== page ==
Sorrow and comfort in Hesston after shootings

Feb 29, 2016 by and

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HESSTON, Kan. — Mennonite congregations and the wider community turned to God and each other for comfort and healing Feb. 28.

They gathered on Sunday morning and at an evening community worship service three days after a mass shooting at Excel Industries left four dead.

Hesston College campus pastor Todd Lehman lights a candle for one of those who died in the mass shooting at Excel Industries.

Hesston College campus pastor Todd Lehman lights a candle for one of those who died in the mass shooting at Excel Industries. — Paul Schrag/MWR

“It’s good to grieve together. It is healing,” said Jill Weaver, a pastor at Whitestone Mennonite Church, to the congregation on Sunday morning. “It is comforting to be in each other’s presence. Feel free to let the tears flow, if they come. When we worship together, we remind each other that God is present with us.”

In the evening, hundreds of people filled the Hesston High School gymnasium for the Harvey County Community Service of Sorrow and Lament.

Local pastors lighted 14 candles for those wounded in the shootings and four larger candles for those who died: Renee Benjamin, 30; Josh Higbee, 31; Brian Sadowsky, 44; and the shooter, Cedric Ford.

Keith Schadel, pastor of Hess­ton United Methodist Church, called it a day of sorrow and comfort.

“The miracle is that the sorrow, pain, anger and bitterness can be transformed miraculously by the power of God into compassion and love,” he said.

In interviews, Excel employees who attend Whitestone Mennonite said co-workers and church members were helping them begin to heal.

“The employees are taking an active role in caring for each other,” said Darrin Hiebert, a member at Whitestone who left work just minutes before the shooting. “This is a family company, and we’re coming together as a family.”

Matt Unruh, who works in Excel’s engineering department, said of Whitestone’s morning service: “It’s a healing time to have all of us here together and knowing that the community is here to care.”

Excel manufactures lawnmowers and employs about 1,000 people.

Kurt Horst, Whitestone’s lead pastor, said the congregation included 21 Excel employees and four more who were first responders or crisis counselors after the tragedy.

“They are doing as well as you could expect,” he said in an interview. “Everybody is physically OK; emotionally there is healing needed.”

Horst recognized the courage of the Hesston police chief, Doug Schroeder, who is Mennonite and was credited with limiting the carnage by entering the Excel plant alone and killing Ford.

“He was willing to risk his life to save lives,” Horst said. “We are thankful for the lives that he saved; we grieve what he had to do to save them.”

At Alexanderwohl Mennonite Church near Goessel, where Schroeder and his family are members, the worship service included a time of lament, prayer and candle lighting to remember all those affected by the tragedy.

“As people of faith we reminded ourselves that God is present in the midst of all our questions, our fears, our sadness,” associate pastor Linda Ewert said in an email. “This tragic event has implications that call us to wrestle with our theology and how to live in a broken and imperfect world. It is complicated. It will take time for us to process and reflect on how this impacts our faith and our life, both individually and as a church.”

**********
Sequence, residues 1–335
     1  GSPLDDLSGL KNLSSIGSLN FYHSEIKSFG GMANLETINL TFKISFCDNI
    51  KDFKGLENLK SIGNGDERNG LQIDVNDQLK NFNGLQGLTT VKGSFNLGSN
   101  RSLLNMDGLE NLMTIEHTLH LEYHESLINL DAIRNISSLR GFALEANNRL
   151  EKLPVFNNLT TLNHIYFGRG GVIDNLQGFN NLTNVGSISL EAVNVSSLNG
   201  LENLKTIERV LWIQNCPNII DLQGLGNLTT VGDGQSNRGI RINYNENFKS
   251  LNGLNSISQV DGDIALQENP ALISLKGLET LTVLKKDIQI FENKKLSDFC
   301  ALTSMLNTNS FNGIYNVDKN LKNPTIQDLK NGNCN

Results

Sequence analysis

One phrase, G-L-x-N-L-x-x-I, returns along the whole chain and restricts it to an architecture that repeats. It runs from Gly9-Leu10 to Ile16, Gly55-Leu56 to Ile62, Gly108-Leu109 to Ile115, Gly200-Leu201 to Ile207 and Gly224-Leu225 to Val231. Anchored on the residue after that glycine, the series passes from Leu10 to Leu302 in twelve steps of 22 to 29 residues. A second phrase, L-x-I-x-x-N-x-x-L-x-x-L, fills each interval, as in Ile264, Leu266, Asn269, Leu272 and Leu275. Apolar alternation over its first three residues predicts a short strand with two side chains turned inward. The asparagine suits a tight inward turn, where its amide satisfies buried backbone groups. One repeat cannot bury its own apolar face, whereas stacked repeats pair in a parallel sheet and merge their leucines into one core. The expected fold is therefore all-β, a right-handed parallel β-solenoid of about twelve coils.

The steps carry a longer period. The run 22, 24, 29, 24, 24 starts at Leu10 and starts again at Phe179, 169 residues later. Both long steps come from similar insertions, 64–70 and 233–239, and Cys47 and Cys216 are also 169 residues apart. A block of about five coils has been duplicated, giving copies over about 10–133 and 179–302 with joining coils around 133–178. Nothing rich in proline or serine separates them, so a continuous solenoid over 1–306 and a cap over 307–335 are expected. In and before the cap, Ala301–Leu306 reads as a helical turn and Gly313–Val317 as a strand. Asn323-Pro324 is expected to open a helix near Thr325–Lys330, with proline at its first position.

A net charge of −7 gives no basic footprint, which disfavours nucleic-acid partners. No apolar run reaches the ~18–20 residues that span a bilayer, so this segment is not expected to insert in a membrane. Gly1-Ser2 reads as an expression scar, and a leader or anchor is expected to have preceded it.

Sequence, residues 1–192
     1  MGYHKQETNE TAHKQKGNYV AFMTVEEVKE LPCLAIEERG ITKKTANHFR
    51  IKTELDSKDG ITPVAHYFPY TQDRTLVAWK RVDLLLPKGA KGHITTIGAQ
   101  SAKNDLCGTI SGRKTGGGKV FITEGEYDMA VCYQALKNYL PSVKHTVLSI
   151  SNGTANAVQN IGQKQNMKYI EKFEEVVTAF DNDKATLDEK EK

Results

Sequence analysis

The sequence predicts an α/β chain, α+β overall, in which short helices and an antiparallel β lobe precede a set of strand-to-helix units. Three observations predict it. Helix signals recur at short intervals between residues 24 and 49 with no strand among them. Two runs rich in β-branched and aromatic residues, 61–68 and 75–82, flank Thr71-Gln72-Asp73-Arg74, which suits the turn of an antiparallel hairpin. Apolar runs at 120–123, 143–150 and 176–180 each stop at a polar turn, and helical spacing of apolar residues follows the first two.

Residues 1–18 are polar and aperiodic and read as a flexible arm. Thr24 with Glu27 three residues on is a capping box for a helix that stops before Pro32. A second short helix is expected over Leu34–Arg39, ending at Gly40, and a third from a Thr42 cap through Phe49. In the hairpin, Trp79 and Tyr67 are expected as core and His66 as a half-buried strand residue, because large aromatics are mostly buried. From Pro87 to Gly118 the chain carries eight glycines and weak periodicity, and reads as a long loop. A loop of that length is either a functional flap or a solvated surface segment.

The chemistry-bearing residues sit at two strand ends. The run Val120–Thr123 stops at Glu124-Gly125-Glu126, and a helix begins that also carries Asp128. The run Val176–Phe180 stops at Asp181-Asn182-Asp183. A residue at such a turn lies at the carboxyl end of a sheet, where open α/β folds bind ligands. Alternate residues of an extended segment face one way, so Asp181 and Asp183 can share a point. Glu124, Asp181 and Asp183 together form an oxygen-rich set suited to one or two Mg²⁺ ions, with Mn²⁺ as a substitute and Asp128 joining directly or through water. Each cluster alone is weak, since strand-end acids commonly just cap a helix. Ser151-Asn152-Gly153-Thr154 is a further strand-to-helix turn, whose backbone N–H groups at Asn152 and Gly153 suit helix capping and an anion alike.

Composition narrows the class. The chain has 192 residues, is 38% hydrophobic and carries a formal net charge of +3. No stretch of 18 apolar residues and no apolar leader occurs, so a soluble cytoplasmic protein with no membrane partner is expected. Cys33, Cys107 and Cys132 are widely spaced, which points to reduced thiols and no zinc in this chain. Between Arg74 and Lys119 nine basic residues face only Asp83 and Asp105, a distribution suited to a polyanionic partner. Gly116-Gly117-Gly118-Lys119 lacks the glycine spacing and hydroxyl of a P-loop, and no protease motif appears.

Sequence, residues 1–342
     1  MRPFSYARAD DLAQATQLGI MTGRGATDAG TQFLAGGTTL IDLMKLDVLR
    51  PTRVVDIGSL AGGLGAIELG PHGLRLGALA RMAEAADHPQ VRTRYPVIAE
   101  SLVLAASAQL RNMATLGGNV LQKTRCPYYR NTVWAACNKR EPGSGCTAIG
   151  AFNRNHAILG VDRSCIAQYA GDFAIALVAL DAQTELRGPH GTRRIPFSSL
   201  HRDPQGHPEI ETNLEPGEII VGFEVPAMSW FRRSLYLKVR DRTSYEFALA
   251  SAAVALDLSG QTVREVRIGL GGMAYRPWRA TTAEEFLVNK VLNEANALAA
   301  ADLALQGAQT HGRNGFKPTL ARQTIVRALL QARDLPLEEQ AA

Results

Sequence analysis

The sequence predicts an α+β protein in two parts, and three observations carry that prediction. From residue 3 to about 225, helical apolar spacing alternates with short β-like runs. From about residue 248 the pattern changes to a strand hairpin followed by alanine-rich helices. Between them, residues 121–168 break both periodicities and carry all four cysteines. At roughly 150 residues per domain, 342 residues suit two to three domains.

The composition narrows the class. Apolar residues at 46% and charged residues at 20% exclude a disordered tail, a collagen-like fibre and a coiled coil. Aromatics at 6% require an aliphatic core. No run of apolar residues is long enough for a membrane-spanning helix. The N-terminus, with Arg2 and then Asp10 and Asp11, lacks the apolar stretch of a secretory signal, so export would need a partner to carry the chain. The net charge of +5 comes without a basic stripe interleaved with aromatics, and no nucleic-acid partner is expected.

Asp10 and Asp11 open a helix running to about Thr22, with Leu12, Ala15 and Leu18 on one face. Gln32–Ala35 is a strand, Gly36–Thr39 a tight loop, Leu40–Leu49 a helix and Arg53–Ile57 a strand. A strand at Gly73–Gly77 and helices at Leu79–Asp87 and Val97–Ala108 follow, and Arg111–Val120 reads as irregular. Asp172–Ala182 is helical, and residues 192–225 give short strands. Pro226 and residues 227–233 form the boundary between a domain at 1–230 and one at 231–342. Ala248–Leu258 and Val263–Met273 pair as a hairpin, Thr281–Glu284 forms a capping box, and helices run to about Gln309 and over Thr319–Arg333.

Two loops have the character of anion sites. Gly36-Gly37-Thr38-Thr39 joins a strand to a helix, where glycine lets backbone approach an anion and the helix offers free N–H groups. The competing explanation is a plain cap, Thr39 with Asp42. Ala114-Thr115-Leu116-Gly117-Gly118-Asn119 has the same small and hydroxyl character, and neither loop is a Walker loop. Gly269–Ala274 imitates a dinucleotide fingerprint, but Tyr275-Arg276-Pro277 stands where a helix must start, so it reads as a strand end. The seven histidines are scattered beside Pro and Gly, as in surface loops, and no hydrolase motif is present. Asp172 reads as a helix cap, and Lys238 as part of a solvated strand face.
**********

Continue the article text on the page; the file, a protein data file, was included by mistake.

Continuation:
Pain and questioning

At Hesston Mennonite Church on Sunday morning, Clayton Gladish, one of the pastors, reflected on his experience of praying with people who came to the church for hourly prayer times the day after the shooting.

Members of the Hesston College Bel Canto Singers provide music during the Harvey County Community Service of Sorrow and Lament at Hesston High School.

Members of the Hesston College Bel Canto Singers provide music during the Harvey County Community Service of Sorrow and Lament at Hesston High School. — Paul Schrag/MWR

“Lots of prayers were said for Doug [Schroeder] and Cedric [Ford] and especially for the families of the dead and injured,” Gladish said in an interview.

“They shared experiences both of pain and questioning and uncertainty but also the stories of seeing God [in the actions of others]. Praying together allows people to find commonality in the pain and questioning and also to find hope together.”

Speaking at the community worship service, Hesston Mennonite Church Pastor John C. Murray said that when we come face to face with darkness, we ask why. Our answers seem hollow and incomplete.

While knowledge and words are limited, he said, three things — faith, hope and love — are unlimited and eternal.

“We are here to nurture within ourselves and our community a life of faith and hope and love that has always been within us,” Murray said. “We are here to fan the flame of faith, hope and love, with the assurance that whatever darkness may come again, we can live with the assurance that the light continues to shine in the darkness, and the darkness can never extinguish the light.”

The service included Scripture readings, prayers and music by the Hesston College Bel Canto Singers.

“As we have offered our hands to one another this week, we have offered the hands of God,” said Wendy Miller, chaplain at Schowalter Villa. “God’s hand is already outstretched to us.”


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